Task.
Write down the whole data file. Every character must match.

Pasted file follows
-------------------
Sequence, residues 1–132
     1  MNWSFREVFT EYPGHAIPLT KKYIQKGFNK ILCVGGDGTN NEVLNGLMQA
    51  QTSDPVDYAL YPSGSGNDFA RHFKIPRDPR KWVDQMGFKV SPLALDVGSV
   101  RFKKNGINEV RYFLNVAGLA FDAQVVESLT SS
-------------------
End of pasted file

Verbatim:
Sequence, residues 1–132
     1  MNWSFREVFT EYPGHAIPLT KKYIQKGFNK ILCVGGDGTN NEVLNGLMQA
    51  QTSDPVDYAL YPSGSGNDFA RHFKIPRDPR KWVDQMGFKV SPLALDVGSV
   101  RFKKNGINEV RYFLNVAGLA FDAQVVESLT SS